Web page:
When I wake up today, Juan Mariné He will have begun his last countdown towards his first century of life. The legendary director of photography, who started in the cinema before the Civil War, and reputed film restorer was born on December 31, 1920. Mariné, who receives the tribute of the Spanish film library, He turns 99 without glasses, he remembers the addresses of the studies where he has worked, as well as the names of his colleagues, and he can’t stand sitting for more than five minutes, while repeating conversations in French or Catalan for more than eight decades
A life of Mariné occupies that of several others. Last Saturday he was working in his office (three chained rooms full of machines and film material) in the basement of the Community Film School of Madrid (ECAM), in the City of the Image. In one of the closets, a short film poster The Submarine, dedicated to his career: a close-up of his face is seen with the right part in gloom and the left illuminated. “Define my life. Until 1947 darkness and hardships. From that moment, cinema and happiness. ” The National Film Award and the Gold Medal for Merit in Fine Arts have them at home. The rest of the awards rest there in two showcases. His most precious possessions are in the other two rooms: various machines created by Mariné to clean, restore and digitize celluloid. Explaining them, he turns on like a child. And start remembering.
“My father was a good soccer player, Foot-Ball Espanya. He tried Barça, but my grandfather told him that if he signed for them, there was the door. My mother also played: she was the goalkeeper of the Children’s Spanish Society of Foot-Ball ”. Something unusual decades later. “True, but it didn’t matter.” He learned to read with four years to understand the posters inserted in silent films. “I was a very good student, and as I was awarded a scholarship, my father let me keep going to school. Until some fevers had me a long period in bed. I was blind and luckily he touched me in the emergency room, just on my birthday, an expert doctor in Ophthalmology. I spent months with priests, but he managed to heal my eyes, ”he recalls with a scared face. He did not return to high school, and went to work carrying freights. “I played with Modesto Llosas Rosell. You don’t know who it was, right? Of course, he became famous with the name of Jorge Mistral. ”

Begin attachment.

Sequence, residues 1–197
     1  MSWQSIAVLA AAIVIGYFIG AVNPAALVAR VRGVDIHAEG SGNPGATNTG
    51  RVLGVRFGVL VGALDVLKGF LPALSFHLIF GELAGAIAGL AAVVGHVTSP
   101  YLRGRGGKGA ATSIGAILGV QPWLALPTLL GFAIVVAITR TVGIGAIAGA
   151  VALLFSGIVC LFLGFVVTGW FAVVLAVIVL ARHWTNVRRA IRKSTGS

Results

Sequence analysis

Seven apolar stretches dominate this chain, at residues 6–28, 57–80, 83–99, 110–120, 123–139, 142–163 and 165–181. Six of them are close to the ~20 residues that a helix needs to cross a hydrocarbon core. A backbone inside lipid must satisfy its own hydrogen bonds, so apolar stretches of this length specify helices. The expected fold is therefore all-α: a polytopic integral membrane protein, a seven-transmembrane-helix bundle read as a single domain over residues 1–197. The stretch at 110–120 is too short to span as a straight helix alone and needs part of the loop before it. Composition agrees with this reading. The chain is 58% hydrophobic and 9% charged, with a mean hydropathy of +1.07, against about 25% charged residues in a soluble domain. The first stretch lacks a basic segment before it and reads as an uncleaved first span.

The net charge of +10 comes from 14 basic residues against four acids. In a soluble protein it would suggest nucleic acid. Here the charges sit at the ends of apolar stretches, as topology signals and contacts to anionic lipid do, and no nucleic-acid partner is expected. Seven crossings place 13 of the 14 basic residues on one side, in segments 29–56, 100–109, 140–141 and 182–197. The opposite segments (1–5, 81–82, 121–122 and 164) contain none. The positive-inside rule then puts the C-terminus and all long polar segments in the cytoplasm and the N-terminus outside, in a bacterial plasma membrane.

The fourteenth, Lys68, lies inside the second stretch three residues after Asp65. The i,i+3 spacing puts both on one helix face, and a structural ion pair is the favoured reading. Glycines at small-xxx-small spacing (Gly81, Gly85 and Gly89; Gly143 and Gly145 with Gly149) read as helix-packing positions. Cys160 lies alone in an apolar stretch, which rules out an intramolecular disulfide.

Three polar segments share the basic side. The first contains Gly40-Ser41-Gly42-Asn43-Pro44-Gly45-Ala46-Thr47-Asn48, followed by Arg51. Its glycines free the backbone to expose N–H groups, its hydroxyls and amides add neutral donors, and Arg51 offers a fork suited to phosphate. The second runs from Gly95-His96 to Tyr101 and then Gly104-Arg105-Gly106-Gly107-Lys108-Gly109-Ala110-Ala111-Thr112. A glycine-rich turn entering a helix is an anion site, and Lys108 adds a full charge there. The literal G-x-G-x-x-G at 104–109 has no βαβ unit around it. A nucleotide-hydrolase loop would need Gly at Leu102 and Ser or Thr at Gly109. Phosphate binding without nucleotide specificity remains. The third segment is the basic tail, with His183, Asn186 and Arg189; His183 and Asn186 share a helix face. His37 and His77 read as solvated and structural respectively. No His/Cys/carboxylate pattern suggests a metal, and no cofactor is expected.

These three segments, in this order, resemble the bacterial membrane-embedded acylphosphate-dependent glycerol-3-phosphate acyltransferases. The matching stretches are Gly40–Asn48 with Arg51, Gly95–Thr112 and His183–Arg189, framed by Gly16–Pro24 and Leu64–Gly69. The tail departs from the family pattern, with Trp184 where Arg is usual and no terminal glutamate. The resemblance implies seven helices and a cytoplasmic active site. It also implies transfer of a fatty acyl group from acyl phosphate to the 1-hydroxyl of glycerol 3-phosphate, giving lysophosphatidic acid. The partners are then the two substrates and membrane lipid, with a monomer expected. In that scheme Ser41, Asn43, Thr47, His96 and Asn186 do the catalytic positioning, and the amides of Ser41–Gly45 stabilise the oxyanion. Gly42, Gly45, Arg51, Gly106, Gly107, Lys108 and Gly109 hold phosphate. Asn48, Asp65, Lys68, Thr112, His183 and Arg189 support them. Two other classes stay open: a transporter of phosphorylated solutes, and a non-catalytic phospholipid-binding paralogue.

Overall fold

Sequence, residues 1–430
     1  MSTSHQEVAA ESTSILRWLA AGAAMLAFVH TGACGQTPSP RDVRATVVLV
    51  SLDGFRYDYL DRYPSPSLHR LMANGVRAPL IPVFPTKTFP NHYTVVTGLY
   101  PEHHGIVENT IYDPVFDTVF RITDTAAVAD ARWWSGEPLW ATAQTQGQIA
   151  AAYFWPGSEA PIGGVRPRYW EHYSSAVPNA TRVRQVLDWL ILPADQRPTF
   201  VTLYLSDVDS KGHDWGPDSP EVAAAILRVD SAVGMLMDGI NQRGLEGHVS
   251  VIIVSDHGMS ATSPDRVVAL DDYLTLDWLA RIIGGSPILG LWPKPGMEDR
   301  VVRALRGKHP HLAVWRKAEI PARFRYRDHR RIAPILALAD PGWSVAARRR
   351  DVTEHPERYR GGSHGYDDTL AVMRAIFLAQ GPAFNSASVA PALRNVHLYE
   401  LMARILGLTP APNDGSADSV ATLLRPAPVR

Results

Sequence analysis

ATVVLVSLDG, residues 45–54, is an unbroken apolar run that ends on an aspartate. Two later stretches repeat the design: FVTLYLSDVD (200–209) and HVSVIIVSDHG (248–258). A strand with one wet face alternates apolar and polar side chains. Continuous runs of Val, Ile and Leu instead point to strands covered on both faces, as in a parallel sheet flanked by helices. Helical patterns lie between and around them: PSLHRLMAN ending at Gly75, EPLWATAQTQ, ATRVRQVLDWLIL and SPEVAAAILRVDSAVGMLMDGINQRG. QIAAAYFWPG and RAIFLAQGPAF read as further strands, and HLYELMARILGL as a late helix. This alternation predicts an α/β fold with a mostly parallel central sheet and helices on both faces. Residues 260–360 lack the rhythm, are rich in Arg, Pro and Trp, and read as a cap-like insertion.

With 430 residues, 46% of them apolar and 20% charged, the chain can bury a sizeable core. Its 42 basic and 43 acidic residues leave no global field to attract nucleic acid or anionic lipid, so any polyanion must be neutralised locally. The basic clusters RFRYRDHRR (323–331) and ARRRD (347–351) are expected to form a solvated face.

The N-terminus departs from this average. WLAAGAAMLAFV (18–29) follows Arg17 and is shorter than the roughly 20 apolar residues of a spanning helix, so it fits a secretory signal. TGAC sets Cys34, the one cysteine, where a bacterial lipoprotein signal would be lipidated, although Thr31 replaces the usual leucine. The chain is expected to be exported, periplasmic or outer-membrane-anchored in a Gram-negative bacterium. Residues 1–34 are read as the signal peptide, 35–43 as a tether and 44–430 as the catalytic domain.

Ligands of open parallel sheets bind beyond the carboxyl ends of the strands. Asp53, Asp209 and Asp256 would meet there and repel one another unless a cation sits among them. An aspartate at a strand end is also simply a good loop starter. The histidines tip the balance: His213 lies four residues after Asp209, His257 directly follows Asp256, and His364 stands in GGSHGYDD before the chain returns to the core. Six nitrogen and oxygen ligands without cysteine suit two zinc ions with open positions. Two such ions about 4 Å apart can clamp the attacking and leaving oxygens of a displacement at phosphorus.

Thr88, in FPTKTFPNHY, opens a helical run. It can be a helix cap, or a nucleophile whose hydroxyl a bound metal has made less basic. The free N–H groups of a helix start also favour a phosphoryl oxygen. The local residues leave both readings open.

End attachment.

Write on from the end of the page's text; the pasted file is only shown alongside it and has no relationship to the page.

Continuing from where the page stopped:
Burial of Durruti
One day in November 1934, his uncle ordered him to take a film camera to shoot sound cinema at the Orphea studio where it was filmed The eighth commandment “The instruction manual was in French, and while I waited for the van to arrive to move the camera I read it. Upon arriving at the studio, the team, all made up of Swiss, had already had problems with the camera they were using, ”a model earlier than the one he had carried. “I was the only one able to understand that they had wrongly plugged in the installation with which the camera synchronized with the sound system and the three-phase and single-phase electrical systems.” Result: they asked him to stay next to the camera. Adrien Porchet, the cinematographer, gave him a tip: “If you want to prosper in this, be at your time and never feel.” From that moment he has taken it to the letter.
Thus begins the first part of Mariné’s career in cinema, which, at the beginning of the Civil War, reaches a historic climax: the leader of the anarchist troops in Madrid, Buenaventura Durruti, He dies after being shot in November 1936. “I was from the CNT [el sindicato anarquista] and I was part of the team that filmed his funeral in Barcelona. But there were so many people that we used up the batteries, and I was the only one who knew how to roll by hand dragging the film with the crank. ” He saved the first problem, and the second, the lack of sound, was solved by synchronizing the images with the broadcast of Radio Barcelona.